Thyroid Test - TSH, free T3, free T4, aTPO - Verisana Lab
5 Reviews

Thyroid Test

199.95£ Incl. VAT/Sales Tax & FREE Shipping - Original Price 199.95£


With the Thyroid Test, you can determine the state of your thyroid gland and thyroid hormones with these 4 markers:

1.) free T3
2.) free T4
3.) TSH
4.) aTPO

With the help of the results, you receive a first indication about the existence of thyroid disfunctions (such as hyperthyroidism and hypothyroidism) as well as automimmune diseases, such as hashimoto.

Availability: deliverable immediately
  • Details
  • Test measures
  • Symptoms
  • Sample collection guide
  • Sample report
  • Reviews
Who should take the test?

You are suffering from arrhythmia, infertility, depressive moods, fatigue or weight changes? So far, it has not been possible to determine the root causes of your health issues? Then it might make sense for your to check your thyroid and thyroid hormones.

The thyroid significantly impacts our well-being. It produces the hormones thyroxine (T4) and triiodothyronine (T3), that are responsible for our metabolism and target almost all body tissues. Thus, a disfunction (such as hyperthyroidism or hypothyroidism) can equally have a negative effect on the wellbeing of your entire body.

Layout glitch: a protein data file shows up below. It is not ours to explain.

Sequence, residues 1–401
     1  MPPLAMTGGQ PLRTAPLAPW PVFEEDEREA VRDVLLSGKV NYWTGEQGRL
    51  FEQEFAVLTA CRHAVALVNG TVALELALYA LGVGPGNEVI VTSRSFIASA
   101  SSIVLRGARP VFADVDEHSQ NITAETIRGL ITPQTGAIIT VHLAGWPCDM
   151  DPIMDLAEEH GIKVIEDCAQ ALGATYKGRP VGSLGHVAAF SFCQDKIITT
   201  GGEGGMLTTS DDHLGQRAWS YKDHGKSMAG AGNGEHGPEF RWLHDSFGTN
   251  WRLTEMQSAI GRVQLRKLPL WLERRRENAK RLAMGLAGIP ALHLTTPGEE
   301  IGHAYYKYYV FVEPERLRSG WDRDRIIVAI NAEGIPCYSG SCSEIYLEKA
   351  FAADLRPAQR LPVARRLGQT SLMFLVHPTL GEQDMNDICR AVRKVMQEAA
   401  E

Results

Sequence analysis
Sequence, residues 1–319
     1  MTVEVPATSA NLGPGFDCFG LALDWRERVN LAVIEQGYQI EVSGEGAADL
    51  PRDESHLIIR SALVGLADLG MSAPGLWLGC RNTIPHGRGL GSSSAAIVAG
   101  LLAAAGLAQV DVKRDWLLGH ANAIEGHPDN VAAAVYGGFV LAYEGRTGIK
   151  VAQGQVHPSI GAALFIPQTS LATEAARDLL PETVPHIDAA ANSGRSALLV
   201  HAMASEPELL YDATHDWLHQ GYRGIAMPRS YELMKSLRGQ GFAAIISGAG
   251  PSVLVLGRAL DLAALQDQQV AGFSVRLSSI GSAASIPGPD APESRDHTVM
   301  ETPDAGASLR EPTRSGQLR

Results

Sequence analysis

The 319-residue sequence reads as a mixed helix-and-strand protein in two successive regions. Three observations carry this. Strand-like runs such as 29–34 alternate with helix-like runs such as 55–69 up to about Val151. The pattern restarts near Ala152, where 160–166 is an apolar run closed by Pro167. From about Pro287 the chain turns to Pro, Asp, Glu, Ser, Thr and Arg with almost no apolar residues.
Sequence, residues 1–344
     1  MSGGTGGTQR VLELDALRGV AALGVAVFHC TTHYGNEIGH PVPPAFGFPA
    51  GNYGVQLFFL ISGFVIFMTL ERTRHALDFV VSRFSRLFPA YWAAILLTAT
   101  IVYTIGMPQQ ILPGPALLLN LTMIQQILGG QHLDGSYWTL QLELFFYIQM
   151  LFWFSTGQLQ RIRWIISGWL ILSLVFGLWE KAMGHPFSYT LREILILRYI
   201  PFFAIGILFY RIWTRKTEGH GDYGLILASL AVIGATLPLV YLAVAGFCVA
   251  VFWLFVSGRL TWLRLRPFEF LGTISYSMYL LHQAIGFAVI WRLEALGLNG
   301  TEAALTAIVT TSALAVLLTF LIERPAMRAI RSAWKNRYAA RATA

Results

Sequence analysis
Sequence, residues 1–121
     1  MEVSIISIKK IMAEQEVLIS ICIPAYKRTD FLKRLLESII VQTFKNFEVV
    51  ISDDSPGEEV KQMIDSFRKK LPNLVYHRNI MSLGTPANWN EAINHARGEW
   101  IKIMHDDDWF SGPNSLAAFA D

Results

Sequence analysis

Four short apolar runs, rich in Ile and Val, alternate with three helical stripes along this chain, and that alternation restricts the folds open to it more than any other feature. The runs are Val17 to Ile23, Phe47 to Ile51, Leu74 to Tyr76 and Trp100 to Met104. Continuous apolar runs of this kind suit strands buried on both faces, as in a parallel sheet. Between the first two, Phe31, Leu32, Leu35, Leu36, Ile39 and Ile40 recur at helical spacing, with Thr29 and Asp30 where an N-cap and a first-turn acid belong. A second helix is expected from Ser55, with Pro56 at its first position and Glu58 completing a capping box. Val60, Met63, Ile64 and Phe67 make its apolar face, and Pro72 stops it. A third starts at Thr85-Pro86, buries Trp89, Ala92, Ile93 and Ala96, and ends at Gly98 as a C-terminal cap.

With our Thyroid Test, your thyroid status will be determined based on the following markers:

  • free T3
  • free T4
  • TSH
  • aTPO
How does it work?

You collect a dried blood spot sample from the comfort of your home, send it to our lab for analysis and we will send you your lab results via email, including detailed information about your thyroid hormones.

What will my results tell me?

After the analysis of the 4 thyroid markers was conducted, you will receive a lab report with detailed explanations about the function of the thyroid gland, thyroid hormones as well as information about possible symptoms that can occur when there is an imbalance. You can then discuss the results with your doctor or health practitioner, who can give you further guidance and treatment recommendations.

What guidance will I get along with my results?

We always recommend the discussion of the mailed results with your doctor or practitioner. Besides, further information is available on our website, especially in the different test categories, under “health conditions” and the FAQs. Still have questions? Then you can contact us by mail at

Test measures
For the Thyroid Test we analyze:
  • free T3
  • free T4
  • TSH
  • aTPO

Free T3 is a hormone secreted by the thyroid gland that regulates several metabolic activities throughout the body. Almost all the T3 circulates tightly bound to protein. Only a small fraction is unbound and biologically active (fT3). If the thyroid gland produces excessive amounts of T3, symptoms associated with hyperthyroidism, such as anxiety, weight loss, and insomnia may occur. Decreased fT3 levels can cause slower heart rate, constipation, and potentially weight gain. Abnormally low levels could indicate long-term illness, starvation or hypothyroidism.